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HOW OFTEN in the reporting of politics do you hear that there is too much focus on personality at the expense of policy?


There are many reasons why this might be true: a fast-paced 24 hour media cycle that has a ferocious appetite; too few paid journalists with the time to properly examine policy; and politicians who focus on the sound-bite at the expense of detail in order to make the news. These factors speak to part of the problem.


But sometimes it’s hard to find complete policies because they do not yet exist publicly. 


Our researchers who investigate the details of political policies have found that these documents are not always easy to locate. Our practice is to start with the source and examine party websites for official party documents about policy. We also examine party leaders' statements and official records such as Hansard. 


When policies are difficult to locate we look at politicians' press conferences, party press releases and media interviews. Sometimes we might find one or two initiatives, in say healthcare, but these are not enough to assert that a comprehensive health policy exists.


For example, the Coalition has released its detailed ‘green army’ initiative for caring for the environment, but broader environmental policies are yet to be identified. 


At other times there might be plenty of talk from party leaders about specific topics, but they have no formal position. Take for example the minor parties such as the Katter Australia Party and Palmer’s United Party: both parties have leaders who have strong views on a range of issues and are not media shy. But on some topics such as affirmative action or euthanasia they have so far been silent.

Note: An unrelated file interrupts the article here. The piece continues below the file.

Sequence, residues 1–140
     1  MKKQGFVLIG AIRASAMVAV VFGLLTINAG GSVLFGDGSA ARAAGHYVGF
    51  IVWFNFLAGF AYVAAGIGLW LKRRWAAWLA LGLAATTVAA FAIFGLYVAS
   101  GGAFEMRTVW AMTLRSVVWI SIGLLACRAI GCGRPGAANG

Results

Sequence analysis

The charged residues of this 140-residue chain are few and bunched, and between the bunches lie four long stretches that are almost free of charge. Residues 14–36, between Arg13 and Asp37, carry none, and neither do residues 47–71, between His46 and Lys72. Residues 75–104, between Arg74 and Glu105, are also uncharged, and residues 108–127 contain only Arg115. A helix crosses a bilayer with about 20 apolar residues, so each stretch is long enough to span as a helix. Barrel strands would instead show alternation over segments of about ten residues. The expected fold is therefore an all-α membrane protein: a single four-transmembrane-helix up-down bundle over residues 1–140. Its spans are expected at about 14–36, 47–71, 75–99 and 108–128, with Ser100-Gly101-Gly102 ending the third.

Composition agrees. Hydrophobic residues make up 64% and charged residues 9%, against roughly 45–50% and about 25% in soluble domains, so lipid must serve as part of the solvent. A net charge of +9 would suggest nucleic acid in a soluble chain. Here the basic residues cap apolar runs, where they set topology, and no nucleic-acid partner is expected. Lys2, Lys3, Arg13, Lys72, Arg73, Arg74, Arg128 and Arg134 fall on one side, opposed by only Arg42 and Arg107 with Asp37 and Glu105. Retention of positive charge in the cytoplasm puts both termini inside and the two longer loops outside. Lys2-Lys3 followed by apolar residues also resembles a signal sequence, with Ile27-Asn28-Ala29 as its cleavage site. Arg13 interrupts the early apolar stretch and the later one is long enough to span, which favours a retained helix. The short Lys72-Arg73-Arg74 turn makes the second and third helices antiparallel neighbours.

Another difficulty is that an official policy position might exist, but it might not match that of the party leader. Labor’s 46th national conference decided that same sex marriage was not to be opposed, and yet it was not favoured by the party’s then leader: as history showed, Julia Gillard took no action on it. This can show a disconnection between the root-and-branch of a party and that of its leadership, and it can be confusing to voters.

The lack of a comprehensive policy position ... tells us something about the party and its positioning.

Finally, there is the parties’ quest to be a small policy target. Political parties learned years ago that it is important to appeal to as many voters as possible. Some parties will not release policies until the election is almost on them so their policies can’t be properly scrutinised. There are always exceptions to the rule, and the Australian Greens party has released detailed policies on far-ranging topics. 


So, as you examine the policies that we have been able to find, keep in mind that the lack of a comprehensive policy position can also be instructive. It tells us something about the party and its positioning in relation to the election. As we get closer to polling day, we aim to fill the gaps as more party policies are released.


In the meantime, if you find a policy that we don’t have, email us.


Happy policy hunting.


The Election Watch editorial team